Following the arrival of the first Europeans in 1829, the township of Perth was gradually expanded. The area to the north of the township, was not considered ideal for settlement due to the extensive wetlands that stretched for almost 10 km (6.2 mi) immediately north of the town site. Gradually, lakes closer to the city were drained, with the first drainage work commencing in 1832. Some wetlands were reclaimed by individual settlers on whose land the lakes encroached, others were reclaimed to be used for public works and housing. At the same time, the Swan River foreshore was reclaimed to ease transportation along the river.
The last of the lakes were drained in the 1880s. However, some areas including Herdsman Lake, Lake Monger and Third Swamp (now Hyde Park) were unable to be drained due to their location, size or depth.
List of features
|Lake Herdsman||Great Lake||300||741||The largest of the lakes. It has retained much of its former shape, although most of its interior is swamp rather than permanent water.|
|Lake Monger||Triangle Lake;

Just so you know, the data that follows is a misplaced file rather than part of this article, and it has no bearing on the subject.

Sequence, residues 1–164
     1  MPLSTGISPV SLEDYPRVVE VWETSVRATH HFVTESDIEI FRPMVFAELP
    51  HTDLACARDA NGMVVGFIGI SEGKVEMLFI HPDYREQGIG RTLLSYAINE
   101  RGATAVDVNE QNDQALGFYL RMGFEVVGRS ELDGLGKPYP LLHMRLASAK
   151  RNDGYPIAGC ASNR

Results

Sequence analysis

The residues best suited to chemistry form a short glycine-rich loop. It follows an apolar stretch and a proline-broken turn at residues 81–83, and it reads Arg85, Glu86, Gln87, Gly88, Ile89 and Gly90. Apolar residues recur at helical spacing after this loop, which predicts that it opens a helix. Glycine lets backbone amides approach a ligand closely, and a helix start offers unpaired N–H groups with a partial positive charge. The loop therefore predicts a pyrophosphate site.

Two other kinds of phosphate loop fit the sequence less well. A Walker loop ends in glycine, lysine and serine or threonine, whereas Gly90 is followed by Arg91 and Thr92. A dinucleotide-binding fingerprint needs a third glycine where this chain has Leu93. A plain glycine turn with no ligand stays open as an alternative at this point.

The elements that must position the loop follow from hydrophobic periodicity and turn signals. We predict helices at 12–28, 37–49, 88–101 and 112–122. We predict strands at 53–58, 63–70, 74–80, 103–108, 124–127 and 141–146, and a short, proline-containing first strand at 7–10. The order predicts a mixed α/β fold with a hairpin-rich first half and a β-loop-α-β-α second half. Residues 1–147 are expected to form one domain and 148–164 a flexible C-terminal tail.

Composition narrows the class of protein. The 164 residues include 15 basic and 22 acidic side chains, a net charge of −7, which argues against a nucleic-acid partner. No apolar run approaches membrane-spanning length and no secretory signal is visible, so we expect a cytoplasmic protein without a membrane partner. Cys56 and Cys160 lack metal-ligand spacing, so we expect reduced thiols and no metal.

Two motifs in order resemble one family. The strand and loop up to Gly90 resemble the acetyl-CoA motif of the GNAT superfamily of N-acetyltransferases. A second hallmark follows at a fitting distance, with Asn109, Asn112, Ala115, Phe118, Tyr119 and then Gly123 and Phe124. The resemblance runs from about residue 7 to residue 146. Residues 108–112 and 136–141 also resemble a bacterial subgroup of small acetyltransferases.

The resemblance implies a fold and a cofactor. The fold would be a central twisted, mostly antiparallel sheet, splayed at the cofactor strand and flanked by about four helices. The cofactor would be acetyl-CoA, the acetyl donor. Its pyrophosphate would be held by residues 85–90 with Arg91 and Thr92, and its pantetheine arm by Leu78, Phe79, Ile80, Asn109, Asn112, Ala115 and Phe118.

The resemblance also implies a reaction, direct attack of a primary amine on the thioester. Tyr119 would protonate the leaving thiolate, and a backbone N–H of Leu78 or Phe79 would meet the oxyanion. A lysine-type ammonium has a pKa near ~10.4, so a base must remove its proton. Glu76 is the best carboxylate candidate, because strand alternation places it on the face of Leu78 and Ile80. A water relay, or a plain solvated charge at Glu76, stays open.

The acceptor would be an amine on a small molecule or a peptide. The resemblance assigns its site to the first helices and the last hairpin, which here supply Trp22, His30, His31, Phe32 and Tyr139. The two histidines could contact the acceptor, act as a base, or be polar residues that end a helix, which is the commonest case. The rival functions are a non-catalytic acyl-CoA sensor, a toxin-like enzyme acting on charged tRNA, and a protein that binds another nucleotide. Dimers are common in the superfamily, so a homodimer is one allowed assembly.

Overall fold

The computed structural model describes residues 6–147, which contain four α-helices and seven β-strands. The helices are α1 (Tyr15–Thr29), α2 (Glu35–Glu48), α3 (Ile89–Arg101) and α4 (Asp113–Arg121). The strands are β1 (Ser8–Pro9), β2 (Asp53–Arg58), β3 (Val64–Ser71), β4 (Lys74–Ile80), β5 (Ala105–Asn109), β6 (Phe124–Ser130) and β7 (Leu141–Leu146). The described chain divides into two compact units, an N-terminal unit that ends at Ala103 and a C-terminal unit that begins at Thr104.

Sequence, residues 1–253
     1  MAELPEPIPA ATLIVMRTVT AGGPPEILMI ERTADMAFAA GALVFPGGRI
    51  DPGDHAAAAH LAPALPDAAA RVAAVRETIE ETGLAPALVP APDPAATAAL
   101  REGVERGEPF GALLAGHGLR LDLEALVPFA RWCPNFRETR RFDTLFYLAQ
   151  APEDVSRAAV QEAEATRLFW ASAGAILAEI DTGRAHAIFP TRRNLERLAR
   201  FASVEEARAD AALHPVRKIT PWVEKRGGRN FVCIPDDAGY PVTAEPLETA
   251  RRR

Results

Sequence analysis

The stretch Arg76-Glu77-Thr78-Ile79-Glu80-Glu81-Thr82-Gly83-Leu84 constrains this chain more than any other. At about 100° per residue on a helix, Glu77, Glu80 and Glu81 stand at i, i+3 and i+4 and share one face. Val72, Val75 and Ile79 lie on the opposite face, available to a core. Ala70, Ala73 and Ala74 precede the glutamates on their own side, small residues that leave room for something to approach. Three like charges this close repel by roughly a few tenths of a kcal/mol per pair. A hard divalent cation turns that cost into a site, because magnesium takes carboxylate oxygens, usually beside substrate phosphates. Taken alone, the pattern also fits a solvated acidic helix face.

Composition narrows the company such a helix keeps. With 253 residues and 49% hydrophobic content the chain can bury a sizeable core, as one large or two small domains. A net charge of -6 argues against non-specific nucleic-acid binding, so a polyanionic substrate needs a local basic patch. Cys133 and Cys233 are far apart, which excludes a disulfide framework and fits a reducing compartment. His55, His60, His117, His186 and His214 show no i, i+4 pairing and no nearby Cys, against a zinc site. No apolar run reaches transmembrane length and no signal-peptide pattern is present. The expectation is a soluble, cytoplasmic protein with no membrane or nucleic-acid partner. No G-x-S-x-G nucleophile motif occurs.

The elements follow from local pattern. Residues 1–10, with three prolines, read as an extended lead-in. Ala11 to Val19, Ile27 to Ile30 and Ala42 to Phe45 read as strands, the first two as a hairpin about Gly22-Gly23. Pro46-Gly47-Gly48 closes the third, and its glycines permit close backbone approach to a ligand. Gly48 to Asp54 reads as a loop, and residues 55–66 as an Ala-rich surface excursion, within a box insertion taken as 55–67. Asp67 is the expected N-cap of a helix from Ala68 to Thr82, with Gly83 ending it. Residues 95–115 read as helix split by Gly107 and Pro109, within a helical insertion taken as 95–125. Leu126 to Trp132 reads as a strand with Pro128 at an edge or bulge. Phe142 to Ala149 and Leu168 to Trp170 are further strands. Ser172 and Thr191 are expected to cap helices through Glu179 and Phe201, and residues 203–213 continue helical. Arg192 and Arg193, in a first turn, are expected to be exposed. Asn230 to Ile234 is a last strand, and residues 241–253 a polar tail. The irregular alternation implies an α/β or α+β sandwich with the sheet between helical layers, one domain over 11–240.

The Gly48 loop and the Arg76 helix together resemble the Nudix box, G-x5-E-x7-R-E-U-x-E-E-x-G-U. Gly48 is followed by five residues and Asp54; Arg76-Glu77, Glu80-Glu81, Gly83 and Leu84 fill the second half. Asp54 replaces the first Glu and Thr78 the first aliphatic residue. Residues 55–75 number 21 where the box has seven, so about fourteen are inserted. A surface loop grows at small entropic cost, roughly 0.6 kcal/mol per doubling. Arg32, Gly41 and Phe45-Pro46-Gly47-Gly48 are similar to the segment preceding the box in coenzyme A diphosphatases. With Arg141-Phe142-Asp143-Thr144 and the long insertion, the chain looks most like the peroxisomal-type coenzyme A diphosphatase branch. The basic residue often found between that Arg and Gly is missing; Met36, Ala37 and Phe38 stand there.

known by local Aboriginals as Galup
|Coordinates:||70||173||The second-largest remaining lake. Much of the area of the lake was reclaimed for residential development, as well as Leederville Oval.|
|Claise Brook||Claisebrook Cove;
formerly known as Clause's Lagoon
|A small inlet of the Swan River located in East Perth south of the Graham Farmer Freeway. Claise Brook was a free-flowing seasonal brook, dry in summer and flooding in winter, up until the 1990s, until it was reclaimed for development. However, in recent years, the brook has been refurnished, and is now a much smaller still body of water known as Claisebrook Cove. A small footbridge known as Trafalgar Bridge crosses over it.|